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The Democratic Accountability of the European Central Bank: A Comment on Two Fairy‐tales

Jakob de Haan () and Sylvester Eijffinger ()

Journal of Common Market Studies, 2000, vol. 38, issue 3, 393-407

Abstract: The European Central Bank (ECB) is widely considered to be (legally) independent. Buiter (1999) critizes the ECB for its lack of democratic accountability, which he does not define in a very precise way. Issing (1999) replies to some of the points raised by Buiter and argues that the ECB is both accountable and transparent. We first outline the concept of democratic accountability of central banks, before we comment on some of the disagreements between Buiter and Issing. Furthermore, we compare the legal accountability of the ECB with those of some other central banks (Bank of Canada, Bank of Japan, Bank of England and the Federal Reserve System).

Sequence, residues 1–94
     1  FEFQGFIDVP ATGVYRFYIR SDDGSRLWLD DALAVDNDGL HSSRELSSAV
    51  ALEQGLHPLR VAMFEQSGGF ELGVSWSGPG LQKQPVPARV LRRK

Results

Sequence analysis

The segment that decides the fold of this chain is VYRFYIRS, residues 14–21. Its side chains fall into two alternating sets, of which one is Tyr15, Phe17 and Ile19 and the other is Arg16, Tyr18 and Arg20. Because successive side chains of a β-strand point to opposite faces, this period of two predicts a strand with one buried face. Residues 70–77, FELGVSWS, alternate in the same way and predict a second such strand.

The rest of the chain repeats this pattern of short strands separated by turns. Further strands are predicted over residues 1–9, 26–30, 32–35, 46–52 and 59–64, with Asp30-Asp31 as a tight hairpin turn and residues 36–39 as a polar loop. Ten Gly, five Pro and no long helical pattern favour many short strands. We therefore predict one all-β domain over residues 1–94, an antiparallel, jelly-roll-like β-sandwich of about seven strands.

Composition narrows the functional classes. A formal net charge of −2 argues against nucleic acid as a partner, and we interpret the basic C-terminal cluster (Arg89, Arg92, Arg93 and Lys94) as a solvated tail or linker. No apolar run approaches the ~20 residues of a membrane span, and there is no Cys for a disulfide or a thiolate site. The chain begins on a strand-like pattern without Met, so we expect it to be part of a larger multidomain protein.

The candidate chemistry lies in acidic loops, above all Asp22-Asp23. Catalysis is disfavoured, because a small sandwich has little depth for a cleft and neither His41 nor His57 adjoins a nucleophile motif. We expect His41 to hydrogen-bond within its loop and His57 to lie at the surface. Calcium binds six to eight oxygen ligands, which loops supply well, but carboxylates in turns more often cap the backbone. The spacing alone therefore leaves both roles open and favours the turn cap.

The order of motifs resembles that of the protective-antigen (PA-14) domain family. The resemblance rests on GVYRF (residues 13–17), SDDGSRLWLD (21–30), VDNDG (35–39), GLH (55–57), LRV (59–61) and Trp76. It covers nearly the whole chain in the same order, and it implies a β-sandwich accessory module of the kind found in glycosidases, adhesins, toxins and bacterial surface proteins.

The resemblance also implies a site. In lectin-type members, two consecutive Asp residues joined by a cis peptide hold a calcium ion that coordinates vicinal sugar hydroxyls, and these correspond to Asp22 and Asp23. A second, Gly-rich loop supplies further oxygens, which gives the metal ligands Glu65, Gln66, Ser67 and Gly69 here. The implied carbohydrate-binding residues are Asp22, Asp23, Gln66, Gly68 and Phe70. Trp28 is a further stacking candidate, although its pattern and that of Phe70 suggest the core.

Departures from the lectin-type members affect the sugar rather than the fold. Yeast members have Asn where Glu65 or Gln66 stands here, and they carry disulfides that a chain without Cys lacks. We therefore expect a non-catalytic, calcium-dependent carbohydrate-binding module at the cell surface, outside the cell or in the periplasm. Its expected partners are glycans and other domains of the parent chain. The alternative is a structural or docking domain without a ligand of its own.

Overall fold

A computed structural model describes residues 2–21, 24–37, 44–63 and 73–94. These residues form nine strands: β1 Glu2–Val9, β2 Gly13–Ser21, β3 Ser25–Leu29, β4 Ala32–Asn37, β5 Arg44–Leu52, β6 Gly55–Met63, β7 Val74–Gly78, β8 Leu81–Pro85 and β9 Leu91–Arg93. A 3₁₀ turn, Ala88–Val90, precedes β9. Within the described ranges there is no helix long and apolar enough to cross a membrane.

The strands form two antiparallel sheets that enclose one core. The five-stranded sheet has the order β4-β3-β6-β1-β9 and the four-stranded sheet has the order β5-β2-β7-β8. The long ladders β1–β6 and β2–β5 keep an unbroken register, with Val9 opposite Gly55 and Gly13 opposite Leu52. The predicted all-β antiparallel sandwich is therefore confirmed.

Date: 2000
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Handle: RePEc:bla:jcmkts:v:38:y:2000:i:3:p:393-407